The former is utterly unlike the latter even though in strictly technical and legal terms both Obama and the GOP (individually) are doing the same act: voting nay on a debt ceiling increase bill.Report

      • j r in reply to North says:


        I’m not sure that I see this difference. You’re saying that Obama’s nay vote was different because he knew that there were not enough other nay votes to stop the debt limit from being raised under the Bush administration and he saw an opportunity to get a couple of jabs in at a political opponent. Fair enough. All’s fair…

        However, what if there had been enough votes to stop the debt limit from being raised in 2006? Are you saying that Obama would have suddenly stopped grandstanding and changed his vote to yes? How can we know whether he would or would not have?Report

      • Kim in reply to North says:

        Ask the whip?
        In all seriousness, I know someone who has talked
        with Obama. The Obama he describes would never
        have been that bull-headed. (In Short, the Powers
        That Be would have talked him out of it)

        His intentions matter less than his reasonableness,
        in understanding whether he’d change his vote.Report

      • North in reply to North says:

        @Jr A good question JR; the answer is history. Up until the GOP changed their collective tune in 2011 what I am describing happening had always happened. The minority party in each house inveigled against the debt being raised; everyone who could vote against it without actually causing it to fail pretty much did and the debt limit would pass from house to Senate to the President. That was the normal business. Obama doing what he did (voting nay when his nay vote had no prospect of preventing the passage of the bill) was standard. He was part of the senate minority party at that time; voting nay on the debt limit secure in the knowledge that it’d pass was what the senate minority party (regardless of what party that was) always did when the debt limit came around.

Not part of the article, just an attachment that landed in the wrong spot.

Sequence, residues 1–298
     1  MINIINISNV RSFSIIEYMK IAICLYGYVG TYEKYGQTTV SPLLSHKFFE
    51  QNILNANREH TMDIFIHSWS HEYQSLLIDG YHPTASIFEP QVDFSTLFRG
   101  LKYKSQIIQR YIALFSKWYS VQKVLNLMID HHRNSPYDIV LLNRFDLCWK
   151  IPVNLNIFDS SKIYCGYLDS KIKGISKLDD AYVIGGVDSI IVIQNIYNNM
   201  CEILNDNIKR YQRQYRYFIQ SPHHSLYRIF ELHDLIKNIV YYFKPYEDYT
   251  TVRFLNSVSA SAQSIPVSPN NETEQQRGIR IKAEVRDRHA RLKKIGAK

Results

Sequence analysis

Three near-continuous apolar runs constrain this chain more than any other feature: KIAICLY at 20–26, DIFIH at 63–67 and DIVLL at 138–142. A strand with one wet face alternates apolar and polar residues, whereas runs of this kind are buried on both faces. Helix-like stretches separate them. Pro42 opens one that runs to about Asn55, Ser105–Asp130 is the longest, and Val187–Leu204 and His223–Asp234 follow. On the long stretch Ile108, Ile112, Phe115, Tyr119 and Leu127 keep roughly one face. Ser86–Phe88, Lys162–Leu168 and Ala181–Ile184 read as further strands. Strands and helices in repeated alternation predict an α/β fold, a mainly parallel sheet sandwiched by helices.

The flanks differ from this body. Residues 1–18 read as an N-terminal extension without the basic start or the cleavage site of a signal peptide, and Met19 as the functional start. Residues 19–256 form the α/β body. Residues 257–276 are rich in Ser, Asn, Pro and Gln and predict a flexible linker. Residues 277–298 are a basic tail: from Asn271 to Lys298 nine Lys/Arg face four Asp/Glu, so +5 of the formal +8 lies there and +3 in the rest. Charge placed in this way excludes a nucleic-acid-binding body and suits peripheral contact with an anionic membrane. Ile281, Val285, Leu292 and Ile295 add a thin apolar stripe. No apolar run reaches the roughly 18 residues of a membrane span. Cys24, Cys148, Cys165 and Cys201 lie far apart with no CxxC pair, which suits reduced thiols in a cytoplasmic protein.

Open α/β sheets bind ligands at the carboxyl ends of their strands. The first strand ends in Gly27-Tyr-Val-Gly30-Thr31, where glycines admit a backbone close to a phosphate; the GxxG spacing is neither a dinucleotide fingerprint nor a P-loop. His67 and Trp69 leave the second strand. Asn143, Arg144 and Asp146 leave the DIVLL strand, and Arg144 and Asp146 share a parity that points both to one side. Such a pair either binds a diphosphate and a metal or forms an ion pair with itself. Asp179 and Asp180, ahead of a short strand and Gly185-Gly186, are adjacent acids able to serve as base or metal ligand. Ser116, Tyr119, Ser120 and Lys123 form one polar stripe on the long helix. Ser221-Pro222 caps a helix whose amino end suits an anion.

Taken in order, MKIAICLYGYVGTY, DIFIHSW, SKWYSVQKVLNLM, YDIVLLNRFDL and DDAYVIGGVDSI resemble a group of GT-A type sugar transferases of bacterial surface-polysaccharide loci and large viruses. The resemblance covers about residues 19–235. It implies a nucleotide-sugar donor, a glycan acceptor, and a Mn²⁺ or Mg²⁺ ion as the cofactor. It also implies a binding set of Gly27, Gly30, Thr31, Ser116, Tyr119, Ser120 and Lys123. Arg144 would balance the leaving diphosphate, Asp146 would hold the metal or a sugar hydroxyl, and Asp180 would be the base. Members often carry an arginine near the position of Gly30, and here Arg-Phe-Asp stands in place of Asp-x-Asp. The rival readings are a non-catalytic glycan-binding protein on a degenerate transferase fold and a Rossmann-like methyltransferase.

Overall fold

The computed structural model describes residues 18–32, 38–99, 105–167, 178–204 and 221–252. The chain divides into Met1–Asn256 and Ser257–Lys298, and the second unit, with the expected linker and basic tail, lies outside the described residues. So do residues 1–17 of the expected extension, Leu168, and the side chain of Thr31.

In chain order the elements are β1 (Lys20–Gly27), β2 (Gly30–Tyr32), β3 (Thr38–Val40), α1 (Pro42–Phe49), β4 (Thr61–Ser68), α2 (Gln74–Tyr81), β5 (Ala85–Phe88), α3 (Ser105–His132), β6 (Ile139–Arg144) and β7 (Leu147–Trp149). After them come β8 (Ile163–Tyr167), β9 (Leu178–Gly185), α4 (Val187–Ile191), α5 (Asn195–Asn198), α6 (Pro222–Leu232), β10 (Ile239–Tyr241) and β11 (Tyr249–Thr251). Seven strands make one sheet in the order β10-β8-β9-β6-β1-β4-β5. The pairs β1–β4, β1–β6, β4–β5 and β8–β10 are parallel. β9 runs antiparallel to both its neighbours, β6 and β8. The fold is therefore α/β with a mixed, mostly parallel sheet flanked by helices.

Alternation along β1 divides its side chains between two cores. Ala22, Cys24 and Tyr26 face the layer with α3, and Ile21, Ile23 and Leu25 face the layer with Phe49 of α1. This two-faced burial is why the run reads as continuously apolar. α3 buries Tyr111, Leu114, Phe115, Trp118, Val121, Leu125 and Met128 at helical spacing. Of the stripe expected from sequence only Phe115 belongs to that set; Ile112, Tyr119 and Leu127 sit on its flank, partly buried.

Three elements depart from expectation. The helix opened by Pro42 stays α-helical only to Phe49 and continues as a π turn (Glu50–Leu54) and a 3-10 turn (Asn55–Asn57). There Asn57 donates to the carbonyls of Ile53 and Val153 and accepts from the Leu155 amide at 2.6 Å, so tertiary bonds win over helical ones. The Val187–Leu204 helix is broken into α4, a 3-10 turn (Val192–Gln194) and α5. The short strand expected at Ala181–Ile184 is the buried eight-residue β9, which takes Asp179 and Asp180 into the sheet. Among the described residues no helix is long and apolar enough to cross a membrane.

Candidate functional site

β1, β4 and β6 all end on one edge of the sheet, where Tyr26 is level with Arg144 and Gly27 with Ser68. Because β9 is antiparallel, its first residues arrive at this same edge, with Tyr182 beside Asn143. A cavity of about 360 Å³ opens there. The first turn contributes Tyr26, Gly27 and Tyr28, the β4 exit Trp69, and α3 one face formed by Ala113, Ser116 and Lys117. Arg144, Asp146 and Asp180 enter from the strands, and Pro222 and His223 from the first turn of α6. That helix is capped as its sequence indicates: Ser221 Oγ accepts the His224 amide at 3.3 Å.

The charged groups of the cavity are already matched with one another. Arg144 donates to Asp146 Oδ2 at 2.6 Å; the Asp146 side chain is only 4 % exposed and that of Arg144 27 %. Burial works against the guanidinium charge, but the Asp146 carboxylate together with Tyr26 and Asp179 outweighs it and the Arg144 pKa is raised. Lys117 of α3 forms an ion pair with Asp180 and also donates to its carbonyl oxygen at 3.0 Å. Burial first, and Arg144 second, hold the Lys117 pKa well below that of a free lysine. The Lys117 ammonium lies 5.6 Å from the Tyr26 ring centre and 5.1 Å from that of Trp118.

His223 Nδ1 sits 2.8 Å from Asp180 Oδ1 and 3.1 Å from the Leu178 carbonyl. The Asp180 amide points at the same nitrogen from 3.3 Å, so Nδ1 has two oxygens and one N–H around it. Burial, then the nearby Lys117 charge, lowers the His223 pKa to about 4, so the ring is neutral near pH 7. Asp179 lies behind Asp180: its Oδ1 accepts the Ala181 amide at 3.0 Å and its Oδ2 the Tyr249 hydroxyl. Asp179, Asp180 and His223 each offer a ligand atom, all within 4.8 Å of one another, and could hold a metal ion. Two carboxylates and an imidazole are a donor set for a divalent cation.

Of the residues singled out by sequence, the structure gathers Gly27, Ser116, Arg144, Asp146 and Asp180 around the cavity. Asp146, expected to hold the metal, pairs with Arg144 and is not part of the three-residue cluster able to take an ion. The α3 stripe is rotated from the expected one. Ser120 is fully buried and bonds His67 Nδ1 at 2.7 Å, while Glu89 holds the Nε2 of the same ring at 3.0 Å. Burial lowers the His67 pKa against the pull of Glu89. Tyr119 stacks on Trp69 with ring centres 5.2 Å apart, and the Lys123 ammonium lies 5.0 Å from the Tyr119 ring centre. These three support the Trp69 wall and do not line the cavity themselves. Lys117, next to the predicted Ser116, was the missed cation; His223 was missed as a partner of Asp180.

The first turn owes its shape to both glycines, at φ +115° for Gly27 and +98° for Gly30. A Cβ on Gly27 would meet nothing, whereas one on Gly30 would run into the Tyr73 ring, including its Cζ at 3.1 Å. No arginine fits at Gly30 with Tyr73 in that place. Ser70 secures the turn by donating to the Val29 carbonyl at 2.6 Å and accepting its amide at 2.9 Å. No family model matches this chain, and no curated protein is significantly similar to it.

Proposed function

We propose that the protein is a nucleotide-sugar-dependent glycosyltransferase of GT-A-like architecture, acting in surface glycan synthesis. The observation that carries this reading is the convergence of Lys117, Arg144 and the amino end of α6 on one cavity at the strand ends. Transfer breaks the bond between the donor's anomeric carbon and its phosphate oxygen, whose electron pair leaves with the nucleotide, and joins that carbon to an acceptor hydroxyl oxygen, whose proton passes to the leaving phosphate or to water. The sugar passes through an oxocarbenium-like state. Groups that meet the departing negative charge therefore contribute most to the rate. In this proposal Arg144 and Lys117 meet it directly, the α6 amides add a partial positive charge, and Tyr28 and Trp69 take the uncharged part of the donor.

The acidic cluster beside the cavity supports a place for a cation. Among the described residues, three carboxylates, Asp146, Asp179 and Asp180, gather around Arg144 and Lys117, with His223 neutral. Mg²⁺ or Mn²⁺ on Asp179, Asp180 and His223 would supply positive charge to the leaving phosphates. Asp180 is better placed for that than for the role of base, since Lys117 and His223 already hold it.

Let us be clear on how hugely the congressional GOP have departed from the norm. They are not just voting “no” on the debt ceiling raising bill as the majority party; they are actively –not- bringing a debt limit bill to the House floor using their power as leadership. If such a bill came to the floor a majority of congressional votes (the Democratic minority votes plus a handful of GOP votes) would pass the limit increase. There is zero resemblance to what Obama did or voted in his time as a Senator to anyone with a basic understanding of the matter. Charges of hypocrisy or flip flopping is just a repetition of talking points designed to confuse low information or uninformed voters.Report

      • J@m3z Aitch in reply to North says:

        the glaring difference between what Obama did: voting nay for posturing purposes on a debt ceiling increase he knew for a fact was going to be raised and what the GOP is doing now: threatening to vote nay on a debt ceiling increase and flat out causing that increase to not happen (with its accompanying host of economic disasters) unless they can extract massive policy concessions from their opponents.

        You mean the difference between symbolic posturing and taking a principled stand?Report

      • Scott Fields in reply to North says:

        I’d grant that what Obama did was posturing, but I don’t agree that “principled stand” properly describes what the GOP is doing with the debt limit. Nihilistic actions don’t get to claim that mantle.

        You want to take a stand on principle? Do it during the appropriations process. The cut to SNAP announced today? That was a principled stand.Report

      • J@m3z Aitch in reply to North says:

        I disagree with what they’re doing, therefore it cannot–to them–be principled?Report

  6. NotMe says:

    Yes we are doomed. The world is going to end just like Obama said it would after sequestration passed.Report

  7. Dale Forguson says:

    Stop to imagine for just a minute an election for congressmen that wasn’t based on Gerrymandered congressional districts. Where a more normal (politically neutral) constituency was typical. Extremists of either party would have less influence and special interests would find less value in “primary-ing” a sitting congrressman with an extremist candidate who was unelectable in the general election.

    Fix the cause not the symptom.Report